Data driven?

It struck me last week that organisations claiming to be “data driven” might as well describe themselves as “electricity driven”. Whilst on the face of it a data driven moniker might express some sort of rational futurism in the culture of an organisation, it doesn’t really, ultimately, say anything at all.

I think implicit within the idea of “data driven” is that the organisation makes rational, measured decisions through the analysis of data. How nice.

But rational, measured decisions through the analysis of data isn’t really how humans work. We are much more likely to find some data to support a hunch or a decision that has already been made by someone else. That’s not rational decision making. That’s confirmation bias (and many others, no doubt) in action.

So by saying “data driven” are organisations actually indicating decisions made by machines? Some probably are – the likes of Google and Amazon will delight no doubt in remaking the world without any of those emotional humans dabbling with decisions.

All well and good, but that kind of data-driven decision making by machine isn’t the future – it’s merely the extrapolation of the past, with all of its quirks, oddities, biases and outright discriminations.

I also wonder how many self-proclaimed data driven organisation will also say that they regard their people as their most important asset? To be fair, if you’re the sort of organisation that uses cliches for business strategy, you’re probably going to liberally spray them around.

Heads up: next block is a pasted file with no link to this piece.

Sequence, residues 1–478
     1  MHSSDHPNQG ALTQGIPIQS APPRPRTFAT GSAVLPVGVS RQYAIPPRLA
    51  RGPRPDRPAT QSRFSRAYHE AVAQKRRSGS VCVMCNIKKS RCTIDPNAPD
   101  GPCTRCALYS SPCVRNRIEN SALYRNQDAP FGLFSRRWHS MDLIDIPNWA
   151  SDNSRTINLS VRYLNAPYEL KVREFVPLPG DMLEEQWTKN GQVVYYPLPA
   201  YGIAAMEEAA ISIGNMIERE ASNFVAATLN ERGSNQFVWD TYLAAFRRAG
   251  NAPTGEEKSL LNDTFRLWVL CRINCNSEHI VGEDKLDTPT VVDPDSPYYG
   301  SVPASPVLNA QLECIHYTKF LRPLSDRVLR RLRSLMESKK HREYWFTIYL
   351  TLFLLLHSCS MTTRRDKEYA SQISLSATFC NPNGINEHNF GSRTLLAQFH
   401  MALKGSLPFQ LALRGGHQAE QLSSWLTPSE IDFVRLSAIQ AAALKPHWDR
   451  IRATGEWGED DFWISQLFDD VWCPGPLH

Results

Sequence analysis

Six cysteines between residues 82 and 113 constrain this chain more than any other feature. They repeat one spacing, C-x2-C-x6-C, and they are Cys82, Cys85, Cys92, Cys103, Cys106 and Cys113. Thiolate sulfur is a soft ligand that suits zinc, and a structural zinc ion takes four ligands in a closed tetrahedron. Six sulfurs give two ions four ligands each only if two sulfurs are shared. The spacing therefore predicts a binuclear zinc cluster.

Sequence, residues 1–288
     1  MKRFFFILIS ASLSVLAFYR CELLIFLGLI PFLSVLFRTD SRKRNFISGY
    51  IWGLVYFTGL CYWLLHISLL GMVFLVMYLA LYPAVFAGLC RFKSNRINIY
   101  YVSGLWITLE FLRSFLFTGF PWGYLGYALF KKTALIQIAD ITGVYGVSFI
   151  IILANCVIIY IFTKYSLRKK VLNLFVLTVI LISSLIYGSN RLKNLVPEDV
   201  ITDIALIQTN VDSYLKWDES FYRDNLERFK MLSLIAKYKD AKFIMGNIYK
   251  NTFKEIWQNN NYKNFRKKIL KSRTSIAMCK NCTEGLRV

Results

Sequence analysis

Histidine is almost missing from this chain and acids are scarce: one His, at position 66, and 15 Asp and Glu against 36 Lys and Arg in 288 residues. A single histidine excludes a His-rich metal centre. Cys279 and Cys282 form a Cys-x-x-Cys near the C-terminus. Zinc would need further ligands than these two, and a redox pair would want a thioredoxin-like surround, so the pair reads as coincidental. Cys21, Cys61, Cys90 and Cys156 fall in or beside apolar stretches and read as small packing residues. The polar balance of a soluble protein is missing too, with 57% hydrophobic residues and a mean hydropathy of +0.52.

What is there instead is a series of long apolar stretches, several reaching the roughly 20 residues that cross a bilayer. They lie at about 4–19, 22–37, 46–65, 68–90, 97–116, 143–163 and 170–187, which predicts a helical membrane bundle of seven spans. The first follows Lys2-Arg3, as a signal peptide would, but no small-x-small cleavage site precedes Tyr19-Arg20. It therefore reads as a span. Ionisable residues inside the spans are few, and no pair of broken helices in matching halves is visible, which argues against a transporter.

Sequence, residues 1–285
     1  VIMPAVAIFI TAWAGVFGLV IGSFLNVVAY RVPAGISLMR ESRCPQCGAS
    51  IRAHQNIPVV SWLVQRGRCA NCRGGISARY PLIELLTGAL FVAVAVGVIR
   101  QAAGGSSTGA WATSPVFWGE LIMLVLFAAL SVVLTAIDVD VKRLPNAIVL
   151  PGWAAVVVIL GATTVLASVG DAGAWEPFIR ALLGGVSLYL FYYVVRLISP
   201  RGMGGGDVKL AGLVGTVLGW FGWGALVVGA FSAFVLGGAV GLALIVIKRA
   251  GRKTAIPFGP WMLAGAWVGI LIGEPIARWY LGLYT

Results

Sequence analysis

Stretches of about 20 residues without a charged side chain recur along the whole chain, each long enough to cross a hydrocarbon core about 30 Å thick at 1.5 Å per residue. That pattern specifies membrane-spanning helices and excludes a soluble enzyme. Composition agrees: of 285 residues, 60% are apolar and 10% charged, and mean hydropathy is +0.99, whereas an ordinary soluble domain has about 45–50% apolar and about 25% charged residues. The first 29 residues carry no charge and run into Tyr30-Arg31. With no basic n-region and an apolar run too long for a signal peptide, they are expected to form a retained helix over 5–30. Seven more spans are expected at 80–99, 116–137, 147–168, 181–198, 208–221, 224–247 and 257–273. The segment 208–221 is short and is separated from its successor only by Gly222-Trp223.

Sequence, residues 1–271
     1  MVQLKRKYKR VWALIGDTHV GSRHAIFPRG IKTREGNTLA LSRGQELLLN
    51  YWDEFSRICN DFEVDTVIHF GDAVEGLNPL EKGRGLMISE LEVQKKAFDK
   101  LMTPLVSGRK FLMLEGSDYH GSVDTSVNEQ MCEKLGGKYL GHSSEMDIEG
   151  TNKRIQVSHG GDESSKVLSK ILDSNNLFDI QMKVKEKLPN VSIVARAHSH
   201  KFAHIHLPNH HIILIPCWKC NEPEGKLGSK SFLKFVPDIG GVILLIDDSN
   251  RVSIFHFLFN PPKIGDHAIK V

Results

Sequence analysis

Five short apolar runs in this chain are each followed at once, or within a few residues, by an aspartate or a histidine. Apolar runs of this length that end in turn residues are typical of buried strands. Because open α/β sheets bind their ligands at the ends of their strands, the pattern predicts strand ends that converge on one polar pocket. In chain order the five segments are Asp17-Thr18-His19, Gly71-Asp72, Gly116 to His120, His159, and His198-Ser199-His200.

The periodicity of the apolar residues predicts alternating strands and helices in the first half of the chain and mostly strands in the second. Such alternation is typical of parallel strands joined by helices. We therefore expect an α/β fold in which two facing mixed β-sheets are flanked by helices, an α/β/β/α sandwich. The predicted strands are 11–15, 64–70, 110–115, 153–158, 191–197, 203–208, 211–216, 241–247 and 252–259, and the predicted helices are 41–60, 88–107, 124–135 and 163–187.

So data driven. Really? Are you?

What’s the real message that a data driven organisation is trying to get across? Trust us? Trust our processes? Trust our machines?

It’s worth exploring…

One thought on “Data driven?

  1. Data-driven to me is saying an org isn’t just going to go with a gut feel or “the way it’s always been done”. I agree it’s easy to twist data to support your own cause but it isn’t always used to support an opinion or strategy.
    For example, a company can look at data to decide see its most popular locations and sales time and make sure staff are resourced properly. That’s better than someone saying “we must always over-staff our London store because it can get really busy sometimes”
    It’s true though that data is just one lens to look at the world through. If designing or strategising, then a human-centred/systems thinking approach can work better than data alone.

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